Mid-sized SUVs and crossovers have been all the rage over the past decade or so. While many manufacturers already have two to three SUV models lined up in their showrooms, the rest of the horde is slowly, but surely making their way towards the bandwagon.
Even the most unlikely of manufacturers have begun producing SUVs, or at the very least, have introduced concepts and announced that there are intentions to produce SUVs in the future – such as Bentley with the hideous Bentayga, Rolls-Royce with the Cullinan, Maserati and the Levante, Lamborghini with the Urus, as well as Lotus with their yet-to-be-named crossover which is due in 2018.
What about Ferrari?
“You’ll have to shoot me first,” said Chairman Sergio Marchionne.
And for a brand that has always been present alongside BMW and Audi in a never-ending battle for supremacy, Mercedes-Benz has been rather late to react successfully to the aforementioned phenomenon.
Yes, there was the GLK but it was a flop compared to the BMW X3 and Q5 globally, as it was only available as a left-hand drive model and couldn’t be made in right-hand drive configuration for some godforsaken technical reason involving the drive shaft.
So, in an effort to make a comeback into the premium mid-sized SUV segment and to give the X3 and the Q5 a good run for their money globally, Mercedes-Benz unveiled the handsome vehicle you’re looking at now – the GLC.
Engine: 2.0-litre, inline-4, turbocharged, petrol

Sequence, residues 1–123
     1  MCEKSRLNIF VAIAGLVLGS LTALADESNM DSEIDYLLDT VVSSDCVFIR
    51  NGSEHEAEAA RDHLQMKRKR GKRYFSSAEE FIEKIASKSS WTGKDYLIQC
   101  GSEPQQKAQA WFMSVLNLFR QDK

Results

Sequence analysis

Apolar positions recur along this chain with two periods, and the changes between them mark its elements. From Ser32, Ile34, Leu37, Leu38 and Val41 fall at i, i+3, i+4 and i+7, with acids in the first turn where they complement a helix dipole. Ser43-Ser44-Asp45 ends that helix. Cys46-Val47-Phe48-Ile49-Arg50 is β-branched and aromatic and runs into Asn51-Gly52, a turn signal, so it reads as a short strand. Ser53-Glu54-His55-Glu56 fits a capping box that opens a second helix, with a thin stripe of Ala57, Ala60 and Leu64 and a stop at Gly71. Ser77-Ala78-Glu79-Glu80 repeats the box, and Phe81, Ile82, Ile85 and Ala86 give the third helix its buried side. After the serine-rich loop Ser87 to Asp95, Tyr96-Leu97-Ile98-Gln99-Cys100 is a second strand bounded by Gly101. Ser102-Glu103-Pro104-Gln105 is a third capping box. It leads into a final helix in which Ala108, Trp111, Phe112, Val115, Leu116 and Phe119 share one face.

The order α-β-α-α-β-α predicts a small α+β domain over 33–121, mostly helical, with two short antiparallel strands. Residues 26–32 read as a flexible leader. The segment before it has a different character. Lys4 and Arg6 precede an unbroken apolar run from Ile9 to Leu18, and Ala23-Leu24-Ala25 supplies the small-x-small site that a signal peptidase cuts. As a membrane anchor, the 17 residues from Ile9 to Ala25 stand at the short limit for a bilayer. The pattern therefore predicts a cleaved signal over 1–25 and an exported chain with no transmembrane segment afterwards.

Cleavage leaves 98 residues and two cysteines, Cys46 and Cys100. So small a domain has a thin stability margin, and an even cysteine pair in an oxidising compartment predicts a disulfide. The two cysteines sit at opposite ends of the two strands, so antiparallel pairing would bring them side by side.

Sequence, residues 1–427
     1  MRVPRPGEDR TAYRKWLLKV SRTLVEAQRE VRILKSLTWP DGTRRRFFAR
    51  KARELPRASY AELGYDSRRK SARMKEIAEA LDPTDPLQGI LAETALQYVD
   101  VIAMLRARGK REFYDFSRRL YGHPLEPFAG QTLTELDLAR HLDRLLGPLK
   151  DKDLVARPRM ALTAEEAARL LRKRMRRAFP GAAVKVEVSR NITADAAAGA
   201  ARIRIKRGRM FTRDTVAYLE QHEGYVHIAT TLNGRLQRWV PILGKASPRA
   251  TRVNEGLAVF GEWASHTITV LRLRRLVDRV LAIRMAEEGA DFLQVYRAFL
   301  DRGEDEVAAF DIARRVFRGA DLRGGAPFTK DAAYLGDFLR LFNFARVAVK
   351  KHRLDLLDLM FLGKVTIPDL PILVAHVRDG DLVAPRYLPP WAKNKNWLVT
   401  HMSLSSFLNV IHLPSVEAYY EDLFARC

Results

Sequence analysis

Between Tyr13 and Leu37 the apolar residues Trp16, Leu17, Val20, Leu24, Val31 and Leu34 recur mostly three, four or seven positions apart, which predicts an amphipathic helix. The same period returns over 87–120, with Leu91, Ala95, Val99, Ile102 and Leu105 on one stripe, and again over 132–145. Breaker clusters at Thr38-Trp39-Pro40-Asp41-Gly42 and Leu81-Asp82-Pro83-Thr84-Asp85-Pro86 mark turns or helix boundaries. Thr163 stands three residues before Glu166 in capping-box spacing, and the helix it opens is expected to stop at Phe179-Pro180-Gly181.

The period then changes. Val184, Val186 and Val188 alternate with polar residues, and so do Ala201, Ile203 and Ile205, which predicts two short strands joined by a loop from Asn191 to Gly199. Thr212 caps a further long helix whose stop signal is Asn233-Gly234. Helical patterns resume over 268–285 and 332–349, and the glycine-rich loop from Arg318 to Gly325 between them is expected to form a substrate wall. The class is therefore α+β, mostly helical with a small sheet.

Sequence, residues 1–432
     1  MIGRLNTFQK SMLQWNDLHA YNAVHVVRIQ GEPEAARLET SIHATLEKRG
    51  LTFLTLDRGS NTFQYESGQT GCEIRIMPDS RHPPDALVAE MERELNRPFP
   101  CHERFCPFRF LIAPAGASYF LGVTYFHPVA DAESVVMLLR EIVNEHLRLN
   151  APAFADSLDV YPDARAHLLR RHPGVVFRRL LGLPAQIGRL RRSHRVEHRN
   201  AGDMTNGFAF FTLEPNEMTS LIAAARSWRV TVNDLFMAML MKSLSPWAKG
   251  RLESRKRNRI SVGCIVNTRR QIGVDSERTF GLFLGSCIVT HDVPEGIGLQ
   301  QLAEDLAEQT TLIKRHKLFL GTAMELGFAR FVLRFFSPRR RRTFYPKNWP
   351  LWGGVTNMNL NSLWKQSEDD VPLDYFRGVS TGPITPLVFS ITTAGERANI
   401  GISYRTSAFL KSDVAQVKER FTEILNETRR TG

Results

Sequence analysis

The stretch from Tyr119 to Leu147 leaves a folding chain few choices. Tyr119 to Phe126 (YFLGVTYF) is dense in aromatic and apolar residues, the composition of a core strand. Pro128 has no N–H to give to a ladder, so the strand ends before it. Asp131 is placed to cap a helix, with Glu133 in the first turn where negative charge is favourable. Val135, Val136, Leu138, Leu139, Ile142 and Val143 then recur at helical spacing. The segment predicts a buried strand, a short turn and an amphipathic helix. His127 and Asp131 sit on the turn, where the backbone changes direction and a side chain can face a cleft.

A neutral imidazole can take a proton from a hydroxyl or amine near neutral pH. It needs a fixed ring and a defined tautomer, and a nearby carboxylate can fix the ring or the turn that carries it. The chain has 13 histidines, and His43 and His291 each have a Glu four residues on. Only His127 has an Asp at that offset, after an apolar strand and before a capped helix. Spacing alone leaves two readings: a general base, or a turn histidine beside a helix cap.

Power: 211hp at 5,500 rpm
Torque: 350Nm from 1,200 to 4,000rpm
Transmission: 9-speed automatic G-Tronic with torque converter
Safety: Nine airbags, Collision Prevention Assist Plus, Crosswind Assist, Attention Assist, Active Parking Assistant, Distronic Plus active cruise-control system, Steering Assist
Origin: Fully imported from Germany
The GLC 250 is a premium compact SUV which competes against the BMW X3 xDrive20i (RM325,800) and the Audi Q5 2.0 TFSI Quattro (RM324,900). Available only in one variant, the GLC 250 sold here is actually offered with a full AMG Line kit that comprises sporty bumpers, a sporty looking skid plate, as well as massive 20-inch alloy wheels.
Unlike the C-Class, S-Class, and the E-Class that are being assembled locally, the GLC, which is the brand’s smallest longitudinal-engine SUV at the moment, is being fully imported from Germany. However, the brand did announce that it has intentions of assembling the GLC locally in the future.